The country has experienced a spike in the purchase of sanitizer products, stackable foods; flours and cereals. Should the government order a lockdown, however, the country will have a problem as kitchen pantries get depleted. There is also the fact that not everybody was liquid enough to stock up at the genesis of the crisis.
Sports, Media and Entertainment
Following a directive to avoid congregating in large numbers, or avoid public gatherings as a measure to curb further spread of the virus by the government, sectors dependant on crowds will be greatly affected.
Players in the entertainment industry, that is musicians, comedians, emcees, disk jockeys, hype men, will all have their daily bread sliced.
Comedian Daniel Ndambuki alias Churchill, on Sunday, on March 16, aired the most bizarre episode of his popular comedy show.
Dubbed the quarantine edition, the highly-rated comedian took to the stage at the South C’s MoW Sports Club, and performed to an empty hall.
Churchill was forced to cancel the live recording of the show which was slated for Saturday, March 14, due to the government’s directive on public events occasioned by the coronavirus pandemic.
A regular ticket goes for Ksh1,000, with the VIP ticket setting you back Ksh2,000. Sources revealed that the show attracts an average of 6,000 people per event. The VIP section takes up a third of the total number of people. Ignoring the complimentary tickets factor, the show rakes in an average of Ksh8 million from gate charges.
The cancellation of rallies has also had an impact. The Building Bridges Initiatives rallies, for instance, generated huge national interest, and live coverage of the events was another dime in the pocket for media houses.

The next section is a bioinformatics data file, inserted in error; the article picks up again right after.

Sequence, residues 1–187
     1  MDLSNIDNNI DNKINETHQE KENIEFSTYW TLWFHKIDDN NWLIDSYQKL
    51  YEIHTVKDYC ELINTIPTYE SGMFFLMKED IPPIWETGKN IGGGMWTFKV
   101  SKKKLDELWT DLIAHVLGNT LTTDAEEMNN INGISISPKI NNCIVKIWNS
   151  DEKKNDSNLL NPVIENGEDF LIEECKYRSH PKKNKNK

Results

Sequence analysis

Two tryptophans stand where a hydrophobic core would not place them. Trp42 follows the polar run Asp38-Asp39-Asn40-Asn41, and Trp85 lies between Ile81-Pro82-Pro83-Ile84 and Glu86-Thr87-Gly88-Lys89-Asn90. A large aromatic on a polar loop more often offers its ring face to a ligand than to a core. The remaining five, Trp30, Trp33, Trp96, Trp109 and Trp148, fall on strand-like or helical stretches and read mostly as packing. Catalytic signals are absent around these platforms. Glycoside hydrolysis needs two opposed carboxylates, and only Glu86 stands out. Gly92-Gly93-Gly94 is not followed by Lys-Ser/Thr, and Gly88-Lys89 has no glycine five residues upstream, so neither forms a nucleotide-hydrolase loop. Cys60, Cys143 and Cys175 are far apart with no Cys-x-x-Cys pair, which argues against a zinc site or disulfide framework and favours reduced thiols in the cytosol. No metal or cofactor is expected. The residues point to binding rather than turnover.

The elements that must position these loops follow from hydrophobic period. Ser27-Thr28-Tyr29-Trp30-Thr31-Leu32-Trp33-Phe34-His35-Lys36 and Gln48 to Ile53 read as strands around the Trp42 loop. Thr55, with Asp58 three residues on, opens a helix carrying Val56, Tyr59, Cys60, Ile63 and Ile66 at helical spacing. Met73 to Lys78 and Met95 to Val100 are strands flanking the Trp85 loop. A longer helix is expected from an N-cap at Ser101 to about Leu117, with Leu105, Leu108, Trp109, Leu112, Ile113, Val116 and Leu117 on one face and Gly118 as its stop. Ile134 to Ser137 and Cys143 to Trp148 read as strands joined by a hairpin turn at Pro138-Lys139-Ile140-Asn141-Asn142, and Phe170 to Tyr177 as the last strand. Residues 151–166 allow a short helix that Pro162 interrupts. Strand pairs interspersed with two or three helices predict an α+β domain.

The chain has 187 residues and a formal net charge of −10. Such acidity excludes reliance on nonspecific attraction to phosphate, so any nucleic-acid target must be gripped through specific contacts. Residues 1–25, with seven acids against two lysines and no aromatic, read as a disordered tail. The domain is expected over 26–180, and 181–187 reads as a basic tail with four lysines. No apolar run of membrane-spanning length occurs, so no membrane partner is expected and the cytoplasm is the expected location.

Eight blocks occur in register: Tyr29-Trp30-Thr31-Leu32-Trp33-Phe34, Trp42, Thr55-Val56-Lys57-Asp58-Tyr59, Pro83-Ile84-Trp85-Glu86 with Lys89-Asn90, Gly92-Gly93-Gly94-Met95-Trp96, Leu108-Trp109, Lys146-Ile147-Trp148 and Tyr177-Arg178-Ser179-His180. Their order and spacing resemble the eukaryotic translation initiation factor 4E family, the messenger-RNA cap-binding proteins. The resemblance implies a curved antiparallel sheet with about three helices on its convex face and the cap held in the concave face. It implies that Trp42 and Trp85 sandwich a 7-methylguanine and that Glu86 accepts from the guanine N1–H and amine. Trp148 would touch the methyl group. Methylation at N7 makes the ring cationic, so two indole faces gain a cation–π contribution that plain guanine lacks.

Sports management bodies in the country have since cancelled all sports activities with the government further putting a halt on international participation in sporting activities.
This has resulted in revenue cutbacks for the federations, sportsmen, and media houses covering the events.
Travel outside the country has since been banned, posing a challenge to those dependant on international markets, tourists. All these resulting in significant losses by airlines.
On March 20, CS Kagwe issued a directive that would see PSVs scale down their passenger capacity by half, so as to minimise further spread of the virus.
“14-seater matatus will carry a maximum of eight passengers; 25-seater vehicles a maximum of 15 passengers, 30 seater vehicles and above to maintain a sixty per cent passenger capacity.
“In other words, there is no point in having eight people and then two people are sitting close together and leaving the other seats open,” Kagwe stated.
A directive to have people work from home would mean fewer customers for Matatus, and a lockdown would mean no business for the sector.
Employers in the industry, as well as the hundreds of young Kenyans depending on the daily earnings from this job, will have nothing to do.
Banking and Finance
Banks have been asked to waive charges for transactions below Ksh 1,000 as well as reduce the tariffs on other transactions.
Central Bank of Kenya Governor Patrick Njoroge during a briefing on the impact of the Coronavirus on the Country’s economy at State House Nairobi, on March 18 stated that lenders would work out repayment plans with its customers with loans due during this period.
He also has directed that to increase the use of mobile digital platforms, all banks waive fees on balance enquiries, further stating that SMEs can also have discussions with their banks on the structure of their loans.
Medium-Sized Enterprises and corporate borrowers can contact their banks for assessment and restructuring of their loans based on their respective circumstances.
During this period, lenders are staring at a reduction in business with members of the public as well as other companies dependant on them scaling down activities.
On Friday, March 13, Nairobi Stock Exchange suspended trading towards the close of the market as investors made panic sales of shares.
Total market capitalisation dropped by Ksh120 billion, one of the largest declines in a single day in the history of the bourse. The value of all stocks closed at Ksh2.04 trillion, compared to Ksh2.16 trillion on Thursday, March 12, 2020.